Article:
- David Tomlinson was considered to voice Prince John.
- In the movie, John had Friar Tuck arrested and sentenced to death which would have been unthinkable at the time since no king would have dare imprison or execute a man of the Catholic Church. Except Prince John himself who confiscated the lands of the Church and forced priests to pay the taxes.
- While Prince John's childlish behaviour is exaggerated for the purpose of comedy, John's attitude in real life was far from rational: he was a binge eater and alcoholic and like his Disney counterpart, had a savage temper. He is also alleged to have lost his mind in old age and begun crawling on the floor, chewing the legs of chairs. He is also alleged to have suffered from epilepsy.
- Like his Disney counterpart, Prince John grew up in the shadow of his older brothers and, for the most part, neglected by his parents. At various times, John was destined for the Church, for an Italian marriage and for piecemeal lands that belonged to his brothers (and which they refused to give him). His own father gave him the disparaging nickname 'Lackland' (because his elder brothers inherited all of the lands) and it was not until the death of his oldest brother, Henry the Younger, that John began to figure in King Henry II's plans. Prince John later obtained his father's trust, however, when he refused to aid his brothers in overthrow him and was almost chosen as heir to the throne. However, he eventually betrayed him and went over to Richard's side.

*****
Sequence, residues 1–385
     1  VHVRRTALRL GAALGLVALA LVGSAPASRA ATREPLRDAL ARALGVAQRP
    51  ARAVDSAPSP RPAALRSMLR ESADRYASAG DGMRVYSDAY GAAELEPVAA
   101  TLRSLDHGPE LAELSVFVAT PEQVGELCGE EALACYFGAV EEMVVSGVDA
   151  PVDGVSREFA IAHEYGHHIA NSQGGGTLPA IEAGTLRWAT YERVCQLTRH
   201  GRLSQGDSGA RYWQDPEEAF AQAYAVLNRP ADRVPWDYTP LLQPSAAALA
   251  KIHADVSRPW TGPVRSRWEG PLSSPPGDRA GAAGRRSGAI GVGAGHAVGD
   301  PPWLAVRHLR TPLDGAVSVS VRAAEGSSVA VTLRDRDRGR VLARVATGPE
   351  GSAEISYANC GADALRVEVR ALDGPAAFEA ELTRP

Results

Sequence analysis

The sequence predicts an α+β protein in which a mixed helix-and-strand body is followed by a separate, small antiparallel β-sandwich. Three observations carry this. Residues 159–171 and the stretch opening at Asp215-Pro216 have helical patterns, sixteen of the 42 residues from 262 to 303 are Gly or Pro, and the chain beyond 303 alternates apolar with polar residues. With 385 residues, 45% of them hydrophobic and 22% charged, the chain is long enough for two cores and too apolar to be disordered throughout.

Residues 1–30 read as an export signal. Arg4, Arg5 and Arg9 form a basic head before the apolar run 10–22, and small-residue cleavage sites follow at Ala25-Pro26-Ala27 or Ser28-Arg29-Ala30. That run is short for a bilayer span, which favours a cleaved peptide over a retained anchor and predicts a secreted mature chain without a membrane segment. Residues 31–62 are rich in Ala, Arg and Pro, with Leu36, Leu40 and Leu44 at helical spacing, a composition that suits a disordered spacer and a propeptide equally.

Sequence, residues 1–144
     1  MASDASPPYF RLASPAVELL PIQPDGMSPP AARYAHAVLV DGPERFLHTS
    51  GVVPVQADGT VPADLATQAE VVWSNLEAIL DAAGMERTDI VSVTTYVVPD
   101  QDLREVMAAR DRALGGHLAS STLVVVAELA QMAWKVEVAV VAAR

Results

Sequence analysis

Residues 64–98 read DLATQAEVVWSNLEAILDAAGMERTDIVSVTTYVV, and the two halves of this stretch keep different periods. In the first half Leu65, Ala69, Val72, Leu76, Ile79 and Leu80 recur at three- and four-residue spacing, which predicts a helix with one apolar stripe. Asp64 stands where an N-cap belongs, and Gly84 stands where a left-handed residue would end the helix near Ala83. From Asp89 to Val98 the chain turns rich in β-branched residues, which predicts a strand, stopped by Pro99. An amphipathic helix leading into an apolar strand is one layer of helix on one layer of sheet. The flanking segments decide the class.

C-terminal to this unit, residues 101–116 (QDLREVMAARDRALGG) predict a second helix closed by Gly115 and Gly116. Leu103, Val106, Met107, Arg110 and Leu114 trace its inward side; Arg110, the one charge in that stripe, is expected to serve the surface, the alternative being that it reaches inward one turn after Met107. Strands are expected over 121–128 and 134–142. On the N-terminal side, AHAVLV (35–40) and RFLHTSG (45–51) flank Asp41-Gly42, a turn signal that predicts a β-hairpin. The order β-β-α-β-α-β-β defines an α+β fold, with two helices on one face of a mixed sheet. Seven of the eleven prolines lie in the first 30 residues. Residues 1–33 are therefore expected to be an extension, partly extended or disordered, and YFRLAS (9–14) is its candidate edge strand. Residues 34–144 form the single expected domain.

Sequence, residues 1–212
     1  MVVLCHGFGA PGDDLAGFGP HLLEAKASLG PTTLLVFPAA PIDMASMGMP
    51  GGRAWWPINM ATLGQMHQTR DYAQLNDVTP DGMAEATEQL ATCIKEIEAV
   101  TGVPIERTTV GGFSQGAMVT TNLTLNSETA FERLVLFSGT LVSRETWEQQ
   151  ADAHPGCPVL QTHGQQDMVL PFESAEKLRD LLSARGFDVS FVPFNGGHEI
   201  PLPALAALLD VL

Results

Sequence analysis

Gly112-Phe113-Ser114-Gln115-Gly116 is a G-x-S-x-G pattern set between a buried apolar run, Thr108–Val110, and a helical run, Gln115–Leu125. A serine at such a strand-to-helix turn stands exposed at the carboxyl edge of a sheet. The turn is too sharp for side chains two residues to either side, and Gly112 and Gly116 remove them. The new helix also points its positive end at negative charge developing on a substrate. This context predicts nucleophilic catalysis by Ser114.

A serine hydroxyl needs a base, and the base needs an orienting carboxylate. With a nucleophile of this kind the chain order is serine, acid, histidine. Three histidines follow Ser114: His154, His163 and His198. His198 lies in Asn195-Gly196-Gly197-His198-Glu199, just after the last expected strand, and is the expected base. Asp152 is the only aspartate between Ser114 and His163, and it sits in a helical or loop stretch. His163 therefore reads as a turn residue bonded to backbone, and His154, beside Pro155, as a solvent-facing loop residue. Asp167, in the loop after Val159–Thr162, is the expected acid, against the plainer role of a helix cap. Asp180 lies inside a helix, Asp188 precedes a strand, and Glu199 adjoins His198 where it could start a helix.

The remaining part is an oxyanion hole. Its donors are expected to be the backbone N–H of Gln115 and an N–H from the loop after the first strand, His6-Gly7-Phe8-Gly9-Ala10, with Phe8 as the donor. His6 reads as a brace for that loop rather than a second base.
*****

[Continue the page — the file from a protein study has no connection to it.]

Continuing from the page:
- It is shown in the scene where Robin Hood robs John while he and Hiss are sleeping that he is a very noisy sleeper. He talks in his sleep, he makes groan-like sounds, and sucks his thumb loudly while sleeping (much to Hiss' disgust).
- Prince John lacks a villain song. The closest thing to an actual villain song was "The Phony King of England", which he never actually sang.
- This is the only incarnation of the character to ever be the main antagonist of any Robin Hood adaptation. Most other versions of the story have the Sheriff of Nottingham as the main antagonist instead, with Prince John, if he actually appears, as a secondary or minor antagonist.
- Peter Ustinov, his voice, also plays his older brother, King Richard, but in a more noble-like tone as opposed to John's cowardly-like tone of voice.